First Look

First Look summarizes new working papers, case studies, and publications produced by Harvard Business School faculty. Readers receive early knowledge of cutting-edge ideas before they enter the mainstream of business practice. For complete details on faculty research, see our Working Papers section.

April 9

A Blue Cross approach to managing health care costs

In an effort to better manage escalating health care costs, Blue Cross Blue Shield of Massachusetts offers providers an innovative program called Alternative Quality Contract. The program allows doctors to receive a fixed-dollar budget to cover all care delivered to specific patient populations. Does it work? A new case, "Lowell General Physician Hospital Organization," looks at the system from the physicians' point of view and asks students to assess one medical group's experiences. The case was written by Richard Bohmer and Natalie Kindred.

A venture capitalist writes a case

Jeffrey J. Bussgang, a general partner at Flybridge Capital Partners and senior lecturer at Harvard Business School, has evaluated many business opportunities, knowledge he puts to work in a new case. Bussgang looks at the options for the young CEO of Plastiq, who must develop a go-to-market strategy. "Should he develop partnerships with channels that would provide leverage or build out a direct sales force?" the case asks. Also on the early to-do list: hire a key sales executive. "Plastiq" was coauthored by Bussgang, Jeffrey J., Gaurav Jain, Liroy Haddad, Luke Langford, and Matt Noble.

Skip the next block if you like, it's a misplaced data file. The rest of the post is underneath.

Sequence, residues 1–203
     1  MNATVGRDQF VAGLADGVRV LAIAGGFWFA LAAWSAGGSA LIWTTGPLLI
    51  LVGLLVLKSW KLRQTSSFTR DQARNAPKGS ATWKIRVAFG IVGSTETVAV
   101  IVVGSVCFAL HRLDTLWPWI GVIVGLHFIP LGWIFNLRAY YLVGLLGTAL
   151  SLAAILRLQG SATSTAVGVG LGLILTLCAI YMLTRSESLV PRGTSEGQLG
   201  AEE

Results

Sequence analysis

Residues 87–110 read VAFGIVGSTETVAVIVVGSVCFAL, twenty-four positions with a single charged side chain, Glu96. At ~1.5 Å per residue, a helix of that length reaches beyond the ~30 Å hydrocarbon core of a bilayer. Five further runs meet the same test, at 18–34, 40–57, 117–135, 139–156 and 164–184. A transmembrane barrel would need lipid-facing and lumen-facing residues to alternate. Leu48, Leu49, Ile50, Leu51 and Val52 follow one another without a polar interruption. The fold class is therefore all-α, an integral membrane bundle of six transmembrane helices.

What to do in the interim?

Sometimes business conditions change, like when a recession hits. The business owner must decide whether and when she thinks conditions will improve, and what to do until then. A new case by Willy Shih, Margaret Pierson, and Dawn Lau looks at the short-term dilemma faced by shipmaker Austal. In January 2009, as the global economic crisis dried up its order book, the company wants to preserve the capabilities in its Australian workforce but the facilities are underutilized. "Was this a short-term problem, or had the commercial market changed forever?" Download the case, "Austal, Ltd."

 

Cases & Course Materials

  • Harvard Business School Case 612-016

Lowell General Physician Hospital Organization

This case focuses on the Alternative Quality Contract (AQC), a novel payment program designed to incentivize providers to deliver less costly, high quality health care. Under the AQC, offered by Blue Cross Blue Shield of Massachusetts, providers received a fixed-dollar budget to cover all care provided to a specific patient population, as well as incentive payments for quality. The AQC was piloted in 2009 by a handful of provider organizations, including a group of physicians belonging to the Lowell General Physician Hospital Organization (LGPHO). The case describes the LGPHO physicians' experience during their first two years under the AQC, allowing students to assess the group's performance as well as potential challenges in the remaining three years of the contract and future contracts and the AQC's value as part of the solution to untenably high U.S. health care costs.

Purchase this case:
http://hbr.org/search/612016-PDF-ENG

  • Harvard Business School Case 113-088

Apple Inc. and the iPhone 4 Antenna Issue

No abstract available.

Purchase this case:
http://hbr.org/search/113088-PDF-ENG

  • Harvard Business School Case 813-125

Plastiq